At Alliance, we often get asked what we do to address bullying and make school a better place for all students. In honor of National Bullying Awareness Month, here is a list that I often share with people who ask about the practices that make a difference for us. These may or may not be things that you can implement at your school right away, but even if you can’t do every one of these things, perhaps the list can start a schoolwide conversation at your school about what practices could make a difference for your students.
10 Things that We Do at Alliance and That You Can do Now to Reduce Bullying in Your School
1. Have your teachers trained in peacemaking circles and restorative justice practices. Alliance teachers use circles in the classroom regularly, so that the students are comfortable with them. When minor conflicts arise, these circles are an incredibly effective way of ending the conflict before it turns into violence or bullying.
2. Address name-calling immediately. Never let hurtful comments go unchecked. If you hear a student call another student a name or say something hurtful, express your disapproval. If this type of behavior is repeated, report the behavior to the parent and the administrator. If the behavior continues, report it again.
3. Have advisory classes where students focus on team-building and relationship strengthening, and have these advisory classes loop through the different grade levels, so that students form strong bonds with their peers. These classes are the cornerstones for relationships in the school, so be very deliberate in your planning and in assigning teachers to the advisories.
4. Involve students in decision-making for the school. When there are major changes being considered, have the students discuss the changes and vote on whether or not the changes should be made. Students need to feel that the culture of the school belongs to them and that they have the power to make the school experience positive for everyone involved.
5. Create a “Bullying/ Harassment Form” that students can fill out when they feel that they are being bullied. Be sure to make the forms readily available, and make the process for turning them in simple. The staff members who receive the forms should be comfortable addressing the complaint and following through with investigating and assigning consequences.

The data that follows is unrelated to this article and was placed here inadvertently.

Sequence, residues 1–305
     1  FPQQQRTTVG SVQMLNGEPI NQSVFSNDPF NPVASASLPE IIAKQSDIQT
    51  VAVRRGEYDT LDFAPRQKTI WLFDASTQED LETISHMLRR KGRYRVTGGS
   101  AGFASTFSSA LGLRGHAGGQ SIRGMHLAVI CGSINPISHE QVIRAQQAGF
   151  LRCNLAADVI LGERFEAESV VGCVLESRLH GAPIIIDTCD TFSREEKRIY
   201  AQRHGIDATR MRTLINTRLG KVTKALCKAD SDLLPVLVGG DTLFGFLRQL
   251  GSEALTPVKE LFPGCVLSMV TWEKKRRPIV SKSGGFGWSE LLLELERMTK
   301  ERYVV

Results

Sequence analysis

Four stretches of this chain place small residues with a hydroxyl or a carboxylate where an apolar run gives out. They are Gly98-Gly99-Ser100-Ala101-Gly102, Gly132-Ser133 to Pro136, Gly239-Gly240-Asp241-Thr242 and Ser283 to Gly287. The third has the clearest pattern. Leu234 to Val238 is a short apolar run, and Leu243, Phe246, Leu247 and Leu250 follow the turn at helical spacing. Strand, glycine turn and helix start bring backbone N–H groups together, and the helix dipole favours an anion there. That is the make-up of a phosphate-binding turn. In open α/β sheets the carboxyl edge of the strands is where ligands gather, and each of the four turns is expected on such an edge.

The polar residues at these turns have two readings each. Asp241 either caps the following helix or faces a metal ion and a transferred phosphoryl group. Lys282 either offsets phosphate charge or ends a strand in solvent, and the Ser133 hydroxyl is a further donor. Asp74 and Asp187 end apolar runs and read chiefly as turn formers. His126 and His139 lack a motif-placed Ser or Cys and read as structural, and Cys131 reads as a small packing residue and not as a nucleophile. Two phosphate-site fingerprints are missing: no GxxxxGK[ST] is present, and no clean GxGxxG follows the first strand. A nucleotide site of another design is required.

6. Have a “Student Discipline Council” that handles repeated incidents of bullying or disruptive behaviors. This council is made up of students who meet with students, discuss behaviors, determine consequences and mentor the student to improve behaviors.
7. Encourage students to start diversity clubs and gay-straight alliances, and then support the efforts of the clubs. The presence of these clubs sends a strong message about the school’s acceptance of all people.
8. Encourage students to bring bullying to your attention. Cyberbullying counts too. Either have them send you the messages that they see online (if you are a social media user), or have them print out what they see and bring it to you. Provide safe and anonymous ways for students to do so. Some kids will not report bullying if they believe that they will be named in the process, so be careful to listen and address the bullying without making the witness the new target.
9. Teach students about different cultures, beliefs, and practices, and teach them how to work with people who are different from themselves. This is not something that students automatically know how to do, and it is one of the most important qualities for the workplace.
10. Be sure to say “If it happens again, please come tell me again, so that I can know that my intervention didn’t work and I need to take more drastic measures.” Sometimes, when students report bullying and then it happens again, they think that the administrator did nothing, and the administrator thinks that it stopped, because nothing else was reported. Be sure to encourage students to come back if the behavior continues.
I hope this list gives you some starting points. I am sure that our students could tell you a dozen more things that make it work here. Perhaps my next blog will be messages from the students about how to address bullying in schools!
In the meantime, if you have questions or ideas that you would like to talk about, feel free to respond on my blog or to send me a message. And if you have seen other things that work, feel free to share those ideas here, as well. The goal is not to have any one person be an expert, but rather to always be sharing ideas and strategies so that all schools can be safe and accepting places for all students.